Saidakrami Murodali Rachabalizoda, suspected of taking part in the attack of a concert hall, sits in the defendant cage with a severed ear which is believed to have been fed to him

After all, this is far from the first Islamist terror attack on Russian soil. In 2002 came the Moscow theatre siege, which saw 132 hostages killed – mostly, in fact, from sleeping gas released by inept Russian special forces. Two years later, 334 people – including 186 children – were killed in the Beslan school shooting.

Putin exploited both these occasions to justify intensified attacks on Muslim Chechen separatists and to clamp down on domestic opposition. His decisive intervention in the Syrian civil war in 2015, supporting President Assad against a range of enemies including IS, further galvanised Muslim extremists against him.

In 2017, the St Petersburg metro was bombed, killing 15 people and injuring 45.

And in recent years, Russia has fought IS factions – largely via proxy forces like its now-disbanded Wagner Group – in countries on the edge of the Sahara, like Burkina Faso, Mali and Niger, in an attempt to control Africa’s natural resources. 

Together, all of these have helped to motivate totalitarian Islamist sects against him. So for all Putin’s warmongering in Ukraine, his most dangerous domestic enemy is almost certainly Islamist terrorism. And that presents him with a further problem.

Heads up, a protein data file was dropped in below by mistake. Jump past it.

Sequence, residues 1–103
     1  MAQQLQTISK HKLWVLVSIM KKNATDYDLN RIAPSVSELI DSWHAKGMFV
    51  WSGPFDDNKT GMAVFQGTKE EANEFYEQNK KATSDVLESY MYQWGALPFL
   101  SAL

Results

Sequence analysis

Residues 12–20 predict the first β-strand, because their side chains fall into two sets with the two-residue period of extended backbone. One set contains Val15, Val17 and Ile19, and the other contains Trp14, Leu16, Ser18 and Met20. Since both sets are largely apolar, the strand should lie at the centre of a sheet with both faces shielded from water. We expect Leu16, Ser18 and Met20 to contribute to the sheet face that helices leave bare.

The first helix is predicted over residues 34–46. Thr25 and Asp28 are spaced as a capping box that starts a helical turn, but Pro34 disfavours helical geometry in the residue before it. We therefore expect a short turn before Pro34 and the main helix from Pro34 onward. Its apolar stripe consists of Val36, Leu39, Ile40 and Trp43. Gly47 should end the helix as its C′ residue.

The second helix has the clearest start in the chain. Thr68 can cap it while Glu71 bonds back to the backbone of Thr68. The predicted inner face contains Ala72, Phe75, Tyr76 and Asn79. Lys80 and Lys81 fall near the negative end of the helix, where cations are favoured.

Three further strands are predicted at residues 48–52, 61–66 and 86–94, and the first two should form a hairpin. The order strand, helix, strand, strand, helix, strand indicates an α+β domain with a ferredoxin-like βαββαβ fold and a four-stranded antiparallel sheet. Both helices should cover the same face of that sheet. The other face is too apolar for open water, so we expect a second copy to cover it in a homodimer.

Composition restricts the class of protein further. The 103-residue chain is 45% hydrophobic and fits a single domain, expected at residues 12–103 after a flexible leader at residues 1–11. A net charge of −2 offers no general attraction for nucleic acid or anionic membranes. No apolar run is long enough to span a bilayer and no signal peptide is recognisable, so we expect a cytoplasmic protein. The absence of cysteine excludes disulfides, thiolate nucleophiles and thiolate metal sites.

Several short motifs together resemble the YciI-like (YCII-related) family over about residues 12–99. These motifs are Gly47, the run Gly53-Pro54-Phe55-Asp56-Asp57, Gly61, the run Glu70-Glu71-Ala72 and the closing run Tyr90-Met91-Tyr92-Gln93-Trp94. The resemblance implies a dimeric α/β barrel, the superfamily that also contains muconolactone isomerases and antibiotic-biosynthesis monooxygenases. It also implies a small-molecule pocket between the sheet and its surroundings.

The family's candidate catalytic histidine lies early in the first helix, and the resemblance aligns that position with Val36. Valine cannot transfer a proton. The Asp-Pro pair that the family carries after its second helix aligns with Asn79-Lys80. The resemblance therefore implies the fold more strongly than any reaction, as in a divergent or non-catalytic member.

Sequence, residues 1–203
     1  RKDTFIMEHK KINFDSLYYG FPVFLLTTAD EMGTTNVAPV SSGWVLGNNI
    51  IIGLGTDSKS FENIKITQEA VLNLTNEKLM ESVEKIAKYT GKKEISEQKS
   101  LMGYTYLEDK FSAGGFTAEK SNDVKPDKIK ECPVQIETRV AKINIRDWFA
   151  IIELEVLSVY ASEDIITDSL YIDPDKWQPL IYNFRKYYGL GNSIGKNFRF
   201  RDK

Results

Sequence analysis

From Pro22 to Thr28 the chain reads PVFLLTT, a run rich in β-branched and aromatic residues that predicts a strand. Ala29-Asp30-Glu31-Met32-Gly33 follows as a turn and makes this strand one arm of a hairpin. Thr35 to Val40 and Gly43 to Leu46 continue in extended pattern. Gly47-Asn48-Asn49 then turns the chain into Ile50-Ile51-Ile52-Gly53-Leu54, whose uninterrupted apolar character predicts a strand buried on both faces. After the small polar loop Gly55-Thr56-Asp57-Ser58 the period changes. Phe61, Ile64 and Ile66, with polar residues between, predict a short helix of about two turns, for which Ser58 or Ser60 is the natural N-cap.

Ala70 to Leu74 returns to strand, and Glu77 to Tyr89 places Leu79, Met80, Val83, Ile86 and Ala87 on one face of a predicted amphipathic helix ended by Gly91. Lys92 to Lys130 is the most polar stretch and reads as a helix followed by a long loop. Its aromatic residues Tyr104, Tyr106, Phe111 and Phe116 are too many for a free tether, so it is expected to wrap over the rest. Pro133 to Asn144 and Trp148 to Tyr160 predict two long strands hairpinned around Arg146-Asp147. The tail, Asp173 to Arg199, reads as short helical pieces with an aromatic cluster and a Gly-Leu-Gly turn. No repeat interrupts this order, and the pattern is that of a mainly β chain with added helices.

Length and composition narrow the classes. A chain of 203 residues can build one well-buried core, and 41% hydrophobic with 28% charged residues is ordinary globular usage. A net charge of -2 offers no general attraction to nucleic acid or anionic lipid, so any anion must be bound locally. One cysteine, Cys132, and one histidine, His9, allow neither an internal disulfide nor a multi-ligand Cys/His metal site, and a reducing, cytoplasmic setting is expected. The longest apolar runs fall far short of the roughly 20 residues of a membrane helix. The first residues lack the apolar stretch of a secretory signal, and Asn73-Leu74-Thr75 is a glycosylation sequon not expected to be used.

Russia has a huge Muslim population – at least 14million citizens and millions more migrant workers.

Russian media has claimed the four suspects of Friday’s attack are from Tajikistan – a poor, majority-Muslim country from the former Soviet Union that supplies a large migrant population to Russia.

Russian President Vladimir Putin delivers a video address to the nation following the shooting attack at the Crocus City Hall concert venue

Russian President Vladimir Putin delivers a video address to the nation following the shooting attack at the Crocus City Hall concert venue

Putin desperately needs to avoid stirring tensions in these communities to prevent more terror attacks from flaring up or, worse, sparkling separatist wars in Russian regions with large Muslim populations.

He may have just won yet another sham election and murdered his most powerful critic, Alexei Navalny, in an Arctic gulag.

But tens of thousands of Russian soldiers have been killed in a ‘special operation’ that was meant to last a few weeks when it was launched over two years ago. The war has ground into a stalemate, even if the long-term conditions favour the Kremlin.

Now a domestic terror attack has horrified his country, dented his image as an invincible strongman and emboldening other Islamist extremists in volatile border regions of his sprawling empire.

By blaming Ukraine for this instead of the real perpetrators, he may achieve a temporary propaganda win. But increasing his attacks on Ukraine will only multiply the risk of that conflict escalating further – and drawing in other actors, Nato among them. 

Saving his own skin at huge human cost is now Putin’s strategy. Will Russians fall for his cruel ploy?

MARK ALMOND is director of the Crisis Research Institute, Oxford

ᴀʀᴛɪᴄʟᴇ ꜱᴏᴜʀᴄᴇ